Kings of the earth and all peoples, princes and all rulers of the earth! Young men and women alike, old and young together!
Let them praise the name of the Lord, for his name alone is exalted; his glory is above earth and heaven. Psalm 148:11-12
When is the last time you praised the Lord? I don’t mean a hasty thank you for what He’s done, or a praise tacked on to a list of requests, but true praise. Praise in which you express sincere excitement and admiration for the King of Kings and Lord of Lords. As a society, we are often ready to heap praise on professional athletes and teams or entertainers. We get loud and raucous at sporting events and concerts, but when it comes time to praise the Lord, our enthusiasm often wanes. Psalm 150 indicates that the Lord takes delight in our enthusiastic praise, calling us to dance, sing, and make music in his honor. When we take time to praise Him, our cares, worries, and troubles seem to diminish in importance because our focus is on Him and His greatness and power, not on ourselves.
He has given you a new day today, another chance to tell someone about what He has done in your life. Don’t miss this opportunity to praise Him for it.
“You have searched me, Lord, and you know me. You know when I sit and when I rise; you perceive my thoughts from afar. You discern my going out and my lying down; you are familiar with all my ways. Before a word is on my tongue you, Lord, know it completely. You hem me in behind and before, and you lay your hand upon me. Such knowledge is too wonderful for me, too lofty for me to attain.” Psalm 139: 1-6
Michael and I have been married for 24 years, so we know each other pretty well. If I hear Mike rummaging in the pantry, I know that he’s looking for his favorite cereal. We can read each other’s thoughts with a glance, and Mike knows that if I quietly cough when others are around, it means that he needs to wrap up whatever story he is telling. Mike can tell if I am irritated, sad, or worried by the way I stand or how I hold my hands. But our knowledge for one another doesn’t hold a candle to how the Lord knows us.
The Lord knows what I am going to say before the words leave my mouth. He knows when I sleep and when I wake. He knows my plans and dreams, and He knows what’s in my heart. He knows my vanity and pride, my arrogance and fear, my selfishness and greed, and yet, despite all of this, He loves me. David writes that this “knowledge is too wonderful for me.” It is astounding that the God who created the universe “searches and knows me,” and I am so grateful for that. His love motivates me to serve Him. His love challenges me to crucify my sinful nature. His love reminds me that I have worth and purpose.
If anyone says, “I love God,” yet hates his brother, he is a liar. For anyone who does not love his brother, whom he has seen, cannot love God, whom he has not seen. And he has given us this command: Whoever loves God must also love his brother. 1 John 4: 20-21
When Elijah was around six or seven years old, he asked, “Dad, when you met mom did you have hearts in your eyes?” Mike and I thought the statement was so cute and funny, but in all honesty, many of us see love in the same way. It’s all about emotions and feelings. It has to do with flowers and romance, passion and expensive gifts, which makes verses like those in 1 John troubling. We recognize that we don’t really have those kinds of feelings for our “brothers.” We don’t have hearts in our eyes, as Elijah put it. But the command to “love our brothers” has little to do with how we feel. Instead, this command hinges on our actions. True love manifests itself in how we treat others.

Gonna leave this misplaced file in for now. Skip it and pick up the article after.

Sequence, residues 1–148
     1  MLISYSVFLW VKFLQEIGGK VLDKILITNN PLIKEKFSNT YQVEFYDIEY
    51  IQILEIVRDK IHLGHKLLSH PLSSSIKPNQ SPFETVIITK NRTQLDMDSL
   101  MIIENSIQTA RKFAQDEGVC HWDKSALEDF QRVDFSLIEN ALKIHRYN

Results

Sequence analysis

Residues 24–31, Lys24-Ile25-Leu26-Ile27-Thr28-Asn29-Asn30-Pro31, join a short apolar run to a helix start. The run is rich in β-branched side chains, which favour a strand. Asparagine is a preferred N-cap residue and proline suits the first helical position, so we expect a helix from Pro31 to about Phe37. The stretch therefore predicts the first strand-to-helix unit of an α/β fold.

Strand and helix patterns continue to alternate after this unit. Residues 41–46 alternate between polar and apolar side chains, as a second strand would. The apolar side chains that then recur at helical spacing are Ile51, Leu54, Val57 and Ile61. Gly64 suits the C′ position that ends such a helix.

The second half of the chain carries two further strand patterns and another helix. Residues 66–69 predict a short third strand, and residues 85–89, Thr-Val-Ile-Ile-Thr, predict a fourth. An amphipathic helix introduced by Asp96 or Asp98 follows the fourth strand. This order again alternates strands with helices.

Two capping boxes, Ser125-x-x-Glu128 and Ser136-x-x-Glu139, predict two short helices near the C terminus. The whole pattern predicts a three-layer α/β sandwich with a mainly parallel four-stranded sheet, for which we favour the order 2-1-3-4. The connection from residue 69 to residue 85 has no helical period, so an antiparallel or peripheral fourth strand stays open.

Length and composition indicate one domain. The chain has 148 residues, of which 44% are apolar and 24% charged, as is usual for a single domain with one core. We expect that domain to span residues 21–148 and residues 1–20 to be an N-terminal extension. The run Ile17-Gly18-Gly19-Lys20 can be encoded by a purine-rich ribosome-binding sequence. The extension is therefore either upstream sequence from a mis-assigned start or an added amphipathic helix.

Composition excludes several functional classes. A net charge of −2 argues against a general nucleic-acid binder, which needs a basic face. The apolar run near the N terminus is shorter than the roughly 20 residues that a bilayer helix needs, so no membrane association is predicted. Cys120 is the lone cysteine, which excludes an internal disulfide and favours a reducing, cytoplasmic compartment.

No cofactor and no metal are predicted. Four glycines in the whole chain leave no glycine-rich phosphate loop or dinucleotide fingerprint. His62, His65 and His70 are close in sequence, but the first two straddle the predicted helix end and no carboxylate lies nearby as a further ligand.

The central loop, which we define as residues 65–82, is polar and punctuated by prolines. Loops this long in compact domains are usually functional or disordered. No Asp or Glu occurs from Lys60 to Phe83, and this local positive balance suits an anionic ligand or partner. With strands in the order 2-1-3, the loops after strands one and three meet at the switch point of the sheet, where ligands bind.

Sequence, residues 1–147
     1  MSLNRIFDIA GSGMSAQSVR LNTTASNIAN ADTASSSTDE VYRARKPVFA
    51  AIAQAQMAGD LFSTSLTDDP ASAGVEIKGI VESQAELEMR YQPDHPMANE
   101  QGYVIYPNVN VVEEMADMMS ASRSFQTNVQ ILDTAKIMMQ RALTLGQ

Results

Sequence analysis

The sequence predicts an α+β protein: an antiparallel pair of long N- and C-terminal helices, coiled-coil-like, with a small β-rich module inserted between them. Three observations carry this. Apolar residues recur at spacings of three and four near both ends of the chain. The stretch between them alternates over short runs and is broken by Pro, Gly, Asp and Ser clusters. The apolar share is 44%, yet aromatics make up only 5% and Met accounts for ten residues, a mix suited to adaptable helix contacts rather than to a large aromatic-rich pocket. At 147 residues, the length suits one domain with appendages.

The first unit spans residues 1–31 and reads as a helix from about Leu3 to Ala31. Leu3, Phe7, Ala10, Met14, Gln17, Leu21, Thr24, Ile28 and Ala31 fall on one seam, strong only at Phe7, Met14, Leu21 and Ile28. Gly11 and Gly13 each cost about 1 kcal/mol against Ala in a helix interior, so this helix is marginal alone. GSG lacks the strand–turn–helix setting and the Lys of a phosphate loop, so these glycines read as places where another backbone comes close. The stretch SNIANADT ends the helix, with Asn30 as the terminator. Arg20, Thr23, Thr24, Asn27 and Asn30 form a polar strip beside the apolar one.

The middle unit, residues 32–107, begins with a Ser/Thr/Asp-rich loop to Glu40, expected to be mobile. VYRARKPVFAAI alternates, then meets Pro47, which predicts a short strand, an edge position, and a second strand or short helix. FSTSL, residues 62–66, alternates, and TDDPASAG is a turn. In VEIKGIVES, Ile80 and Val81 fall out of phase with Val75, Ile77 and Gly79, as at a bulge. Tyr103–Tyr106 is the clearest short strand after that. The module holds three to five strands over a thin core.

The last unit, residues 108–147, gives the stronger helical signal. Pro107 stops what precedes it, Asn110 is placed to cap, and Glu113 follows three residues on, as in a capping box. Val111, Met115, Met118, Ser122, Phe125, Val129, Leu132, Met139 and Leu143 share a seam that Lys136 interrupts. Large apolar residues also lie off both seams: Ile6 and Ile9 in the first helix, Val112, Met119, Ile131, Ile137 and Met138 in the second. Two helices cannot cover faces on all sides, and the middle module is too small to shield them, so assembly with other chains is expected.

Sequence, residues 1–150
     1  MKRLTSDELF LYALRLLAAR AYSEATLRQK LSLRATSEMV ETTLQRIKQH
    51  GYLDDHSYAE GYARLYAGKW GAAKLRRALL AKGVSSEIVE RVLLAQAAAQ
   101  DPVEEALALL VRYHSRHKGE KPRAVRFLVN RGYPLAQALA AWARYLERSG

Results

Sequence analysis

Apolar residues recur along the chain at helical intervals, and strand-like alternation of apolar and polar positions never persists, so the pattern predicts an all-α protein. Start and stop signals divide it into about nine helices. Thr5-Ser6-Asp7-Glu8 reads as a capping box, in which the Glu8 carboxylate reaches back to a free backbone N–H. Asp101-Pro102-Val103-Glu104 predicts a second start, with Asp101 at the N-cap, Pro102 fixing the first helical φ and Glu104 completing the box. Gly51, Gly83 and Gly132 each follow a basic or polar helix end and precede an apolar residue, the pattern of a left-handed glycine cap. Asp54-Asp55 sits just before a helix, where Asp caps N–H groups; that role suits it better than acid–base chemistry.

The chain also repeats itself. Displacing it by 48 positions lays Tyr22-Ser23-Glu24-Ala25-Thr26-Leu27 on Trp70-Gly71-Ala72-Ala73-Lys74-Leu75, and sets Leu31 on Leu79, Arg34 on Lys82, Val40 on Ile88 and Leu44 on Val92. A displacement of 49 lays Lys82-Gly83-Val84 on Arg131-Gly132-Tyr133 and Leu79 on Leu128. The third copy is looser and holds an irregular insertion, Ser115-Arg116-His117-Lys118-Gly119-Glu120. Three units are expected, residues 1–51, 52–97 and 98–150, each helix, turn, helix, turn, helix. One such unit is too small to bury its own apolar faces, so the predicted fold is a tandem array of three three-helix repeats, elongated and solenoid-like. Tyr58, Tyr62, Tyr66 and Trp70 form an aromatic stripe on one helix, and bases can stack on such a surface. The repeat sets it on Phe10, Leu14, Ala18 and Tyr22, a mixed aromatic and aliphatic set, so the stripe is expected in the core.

C.S. Lewis put it this way, “Do not waste time bothering whether you ‘love’ your neighbor; act as if you did. When you are behaving as if you loved someone, you will presently come to love him. Ask yourself, “If I were sure that I loved my brother what would I do? When you have found the answer, go and do it.” Our actions matter more than our emotions or feelings. What can you do today to demonstrate your love for God? What can you do to demonstrate your love for your brothers and sisters in Christ? Don’t worry about hearts in your eyes, take action.
“Now faith is confidence in what we hope for and assurance about what we do not see.” Hebrews 11:1
When Christ appeared to his disciples after the resurrection, Thomas claimed that unless he saw the nail holes with his own eyes and touched them with his hand, he would not believe. Many of us approach our faith in the same way; we’ve got to see it to believe it. But the author of Hebrews writes that faith is having assurance “about what we do not see.” The statement seems almost paradoxical. How can we have assurance in something that we can’t see with our eyes or get our hands on?
We live in a fallen and broken world, yet we put our hope in a God who promises to redeem it. We face illness and aging, yet we put our trust in a God who promises eternal life through belief in Him. We struggle with sin and tribulation each day, but we believe in a God who walks with us through the valleys of life. We believe in what we cannot see. We have a hope that is not based on our circumstances or our emotions. Our hope, as believers in Jesus Christ, rests in His promises.
“Happy are those who make the LORD their trust, who do not turn to the proud, to those who go astray after false gods. You have multiplied, O LORD my God, your wondrous deeds and your thoughts toward us; none can compare with you. Were I to proclaim and tell of them, they would be more than can be counted.” Psalm 40: 4-5
The season of advent is here, a time to reflect and prepare for the coming of Immanuel. Each day of advent brings us closer to the time when Christ came to Earth and “pitched his tent” among us, but this season is also a reminder that He will be returning for His people yet again. It is a time of great joy, hope, and celebration. But often during the Christmas season, people don’t experience much joy or happiness. Many times we focus so much on shopping, decorating, and hurrying to the next party that we miss out on the true focus of advent. The psalmist writes that “happy are those who make the Lord their trust,” but if our trust is in the number of presents we give or receive, or how many parties we can attend, or how fancy our tree looks, we miss out on the true blessing of this glorious time of year. The psalmist praised the Lord for his “wondrous deeds,” and declared that they were “more than can be counted.” In the midst of the hustle and bustle of the Christmas season, take some time to ponder what God has done in your own life. Take some time to ponder His great and abiding love. Take some time to reflect on and recount all His marvelous deeds. Trust in Him for your happiness this Christmas season, and you won’t be disappointed.